Lately, it seems as if the major streaming services are becoming scary, Orwellian, mega-corporations that seek to ensnare their respective user bases in one way or another. SoundCloud is beginning to reject the operational aspects that allowed it to flourish and garner respect in the first place, TIDAL is using the polished guise of celebrity involvement to draw attention away from their exorbitant prices, and even Apple has taken a hostile approach to try and corner the market with their new service. Listening to and presenting music online on our own terms is becoming more and more difficult as well, with restrictions being placed on what we can make or view. I’m not claiming that doomsday is about to strike, but the sneaky and hidden actions of such organizations are creating a wider divide between the big services and true artists/listeners on a daily basis. If I started my own business, I would naturally assume that the most important demographic to seek counsel with on my affairs would be the actual customers that are using my product. When the ideals of the people who support you, monetarily or otherwise, become an obstacle rather than an essential component to the way you structure your business, you know something is seriously wrong.

Enter Spotify, an excellent and consistent source of juicy material for us to write about as of late. Yesterday, The Verge got their hands on the infamous contract written between them and Sony Music Entertainment. The 42-page document grants Spotify the right to use Sony’s vast catalogue of music on their service, but not without paying a ludicrous price. A whopping $42.5 million were paid in advance to Spotify to use their material, alongside a Most Favored Nation clause that disallows Sony from earning less money than other labels.

The main question, though, is where all this advance money will go. According to Rich Bengloff, president of the American Association of Independent Music, it will most likely be kept by the label itself and not distributed amongst its artists.

I’ve worked at the major labels, and I’ve worked at the indies, so I’ve seen both sides of the business. A lot of the time, money that is paid outside of the direct usage doesn’t end up getting shared.

As The Verge says, the Most Favored Nation clause along with the “annual true-up of advances” clause are the most shocking parts of the contract.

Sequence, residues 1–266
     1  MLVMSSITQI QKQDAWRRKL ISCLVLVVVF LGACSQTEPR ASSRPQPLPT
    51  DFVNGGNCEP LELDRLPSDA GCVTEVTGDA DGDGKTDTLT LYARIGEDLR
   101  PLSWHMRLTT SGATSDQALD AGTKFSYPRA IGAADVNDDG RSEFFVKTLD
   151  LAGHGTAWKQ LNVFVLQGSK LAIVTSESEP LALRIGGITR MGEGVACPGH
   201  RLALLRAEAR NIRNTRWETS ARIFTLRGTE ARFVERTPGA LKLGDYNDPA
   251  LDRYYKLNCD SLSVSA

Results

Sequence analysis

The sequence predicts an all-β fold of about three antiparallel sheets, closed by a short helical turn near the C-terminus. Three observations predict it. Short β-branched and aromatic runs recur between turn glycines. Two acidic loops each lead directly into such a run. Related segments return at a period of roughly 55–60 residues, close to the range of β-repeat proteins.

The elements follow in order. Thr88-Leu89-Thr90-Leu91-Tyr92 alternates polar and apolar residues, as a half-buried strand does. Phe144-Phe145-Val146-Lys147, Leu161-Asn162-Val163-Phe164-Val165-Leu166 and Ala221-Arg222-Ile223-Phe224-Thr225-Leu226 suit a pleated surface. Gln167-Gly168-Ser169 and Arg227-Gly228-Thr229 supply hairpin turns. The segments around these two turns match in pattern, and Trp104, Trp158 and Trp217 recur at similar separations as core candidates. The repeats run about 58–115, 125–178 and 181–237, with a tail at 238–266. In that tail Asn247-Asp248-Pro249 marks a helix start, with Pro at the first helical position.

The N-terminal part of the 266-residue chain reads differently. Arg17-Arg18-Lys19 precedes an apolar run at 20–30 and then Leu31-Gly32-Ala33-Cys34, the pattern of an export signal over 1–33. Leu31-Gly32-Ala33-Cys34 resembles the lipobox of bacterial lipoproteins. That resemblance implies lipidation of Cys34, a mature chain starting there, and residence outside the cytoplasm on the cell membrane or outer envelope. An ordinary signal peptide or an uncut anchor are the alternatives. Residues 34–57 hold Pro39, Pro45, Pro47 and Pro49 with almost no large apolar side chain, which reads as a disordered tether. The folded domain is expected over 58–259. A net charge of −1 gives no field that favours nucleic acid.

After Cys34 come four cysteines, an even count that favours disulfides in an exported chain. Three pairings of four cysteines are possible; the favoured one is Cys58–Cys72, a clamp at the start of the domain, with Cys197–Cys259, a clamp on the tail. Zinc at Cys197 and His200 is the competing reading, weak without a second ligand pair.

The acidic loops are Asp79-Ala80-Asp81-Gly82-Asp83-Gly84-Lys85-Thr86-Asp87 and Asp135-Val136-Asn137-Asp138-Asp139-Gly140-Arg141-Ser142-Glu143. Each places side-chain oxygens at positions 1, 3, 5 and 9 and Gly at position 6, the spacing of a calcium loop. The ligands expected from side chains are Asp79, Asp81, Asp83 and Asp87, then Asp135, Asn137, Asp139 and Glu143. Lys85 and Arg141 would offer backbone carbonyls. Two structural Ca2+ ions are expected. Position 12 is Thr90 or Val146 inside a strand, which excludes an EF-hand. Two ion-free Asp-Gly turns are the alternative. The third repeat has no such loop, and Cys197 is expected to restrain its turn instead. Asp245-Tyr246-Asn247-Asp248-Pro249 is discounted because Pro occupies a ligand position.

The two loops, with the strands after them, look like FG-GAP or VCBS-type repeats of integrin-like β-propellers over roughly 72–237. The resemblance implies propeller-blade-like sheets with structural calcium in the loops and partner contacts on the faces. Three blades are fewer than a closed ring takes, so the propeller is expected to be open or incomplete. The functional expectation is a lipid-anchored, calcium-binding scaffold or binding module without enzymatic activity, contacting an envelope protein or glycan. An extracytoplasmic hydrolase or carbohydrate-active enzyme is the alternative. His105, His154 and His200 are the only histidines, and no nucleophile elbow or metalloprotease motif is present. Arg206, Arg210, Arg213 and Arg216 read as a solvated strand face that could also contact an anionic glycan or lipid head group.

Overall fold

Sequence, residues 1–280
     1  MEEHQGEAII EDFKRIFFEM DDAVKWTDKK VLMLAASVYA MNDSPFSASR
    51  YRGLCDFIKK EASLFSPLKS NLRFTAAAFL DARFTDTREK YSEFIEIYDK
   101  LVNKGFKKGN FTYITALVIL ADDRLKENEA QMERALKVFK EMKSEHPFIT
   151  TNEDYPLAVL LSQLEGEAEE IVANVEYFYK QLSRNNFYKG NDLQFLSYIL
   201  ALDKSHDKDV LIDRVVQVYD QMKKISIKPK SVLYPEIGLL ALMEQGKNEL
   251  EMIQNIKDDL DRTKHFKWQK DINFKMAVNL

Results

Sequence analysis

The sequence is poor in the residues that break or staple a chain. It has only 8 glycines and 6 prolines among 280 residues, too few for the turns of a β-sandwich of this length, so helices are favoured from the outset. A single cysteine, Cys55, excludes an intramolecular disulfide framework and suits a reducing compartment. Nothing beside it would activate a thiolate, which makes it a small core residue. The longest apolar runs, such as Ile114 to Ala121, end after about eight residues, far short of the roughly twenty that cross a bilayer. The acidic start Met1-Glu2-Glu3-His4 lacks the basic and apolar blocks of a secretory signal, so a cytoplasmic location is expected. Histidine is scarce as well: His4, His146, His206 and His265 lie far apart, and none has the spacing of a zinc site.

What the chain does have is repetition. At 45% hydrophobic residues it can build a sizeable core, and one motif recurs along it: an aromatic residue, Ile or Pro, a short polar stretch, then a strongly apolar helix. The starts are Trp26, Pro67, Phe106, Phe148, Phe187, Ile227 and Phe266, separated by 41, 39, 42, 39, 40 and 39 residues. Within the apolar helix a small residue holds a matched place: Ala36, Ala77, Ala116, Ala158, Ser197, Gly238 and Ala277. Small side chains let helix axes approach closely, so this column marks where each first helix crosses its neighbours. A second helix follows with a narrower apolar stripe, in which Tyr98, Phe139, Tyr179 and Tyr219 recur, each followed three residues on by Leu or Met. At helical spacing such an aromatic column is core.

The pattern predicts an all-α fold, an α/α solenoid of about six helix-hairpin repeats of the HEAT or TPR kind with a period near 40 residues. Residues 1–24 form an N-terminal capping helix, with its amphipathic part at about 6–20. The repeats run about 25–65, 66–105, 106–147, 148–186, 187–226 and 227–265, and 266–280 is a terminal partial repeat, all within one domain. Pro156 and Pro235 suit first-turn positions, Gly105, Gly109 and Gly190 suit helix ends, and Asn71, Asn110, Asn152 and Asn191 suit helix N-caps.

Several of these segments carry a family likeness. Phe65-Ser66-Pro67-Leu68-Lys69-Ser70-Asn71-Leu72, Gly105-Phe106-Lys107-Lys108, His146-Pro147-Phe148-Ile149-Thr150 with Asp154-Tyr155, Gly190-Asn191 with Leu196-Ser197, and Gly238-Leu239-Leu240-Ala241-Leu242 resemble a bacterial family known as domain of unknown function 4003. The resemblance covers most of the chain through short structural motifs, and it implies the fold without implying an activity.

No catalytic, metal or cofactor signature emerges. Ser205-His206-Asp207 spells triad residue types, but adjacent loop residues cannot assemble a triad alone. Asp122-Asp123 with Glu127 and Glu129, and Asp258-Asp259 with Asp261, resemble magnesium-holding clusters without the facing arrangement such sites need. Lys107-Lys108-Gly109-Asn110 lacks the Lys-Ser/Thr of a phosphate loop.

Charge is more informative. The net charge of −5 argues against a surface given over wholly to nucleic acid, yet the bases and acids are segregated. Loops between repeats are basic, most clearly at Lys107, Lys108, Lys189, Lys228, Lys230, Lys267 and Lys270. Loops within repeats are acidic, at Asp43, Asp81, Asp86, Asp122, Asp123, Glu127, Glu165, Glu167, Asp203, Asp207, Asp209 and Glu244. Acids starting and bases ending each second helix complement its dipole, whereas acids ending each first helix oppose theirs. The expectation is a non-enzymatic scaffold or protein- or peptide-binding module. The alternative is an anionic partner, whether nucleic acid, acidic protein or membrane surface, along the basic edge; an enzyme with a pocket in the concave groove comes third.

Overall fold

This clause makes sure Sony Music’s yearly advances from Spotify are on par with the best deal negotiated by any other label based on the percentage of market share. That means if another music label is getting paid $1 million by Spotify for each percentage of market share it has, and Sony Music is getting $600,000 per market share percentage, Spotify must pay Sony Music the $400,000 difference — known as the adjusted contract period advance — at the end of each contract year.


Among the other corrupt portions of the contract was an agreement by Spotify to give Sony over $9 million in ad spots on their service that could then be resold by Sony to outside buyers for a profit.

This kind of business relationship is not only harmful to Spotify’s image and profit margin, but clearly displays the despicable and money-hungry approach taken by the big labels. At the end of all this, of course, are the actual artists: the ones who make the material that gets informally tossed around like railroad bonds by the higher-ups. I can only hope Sony took Spotify out to dinner first before this contract was signed.

The Verge originally had included the document itself before the company’s copyright team forced them to remove it. They then refused to comment on the matter: the safest way to admit knowledge of your own shitty behavior without facing it. I urge you to visit The Verge’s article and try to fully comprehend what went down between these organizations. It affects not only the people in charge, but the artists and listeners themselves.


Photo: AfterDawn / TheVerge | Source: TheVerge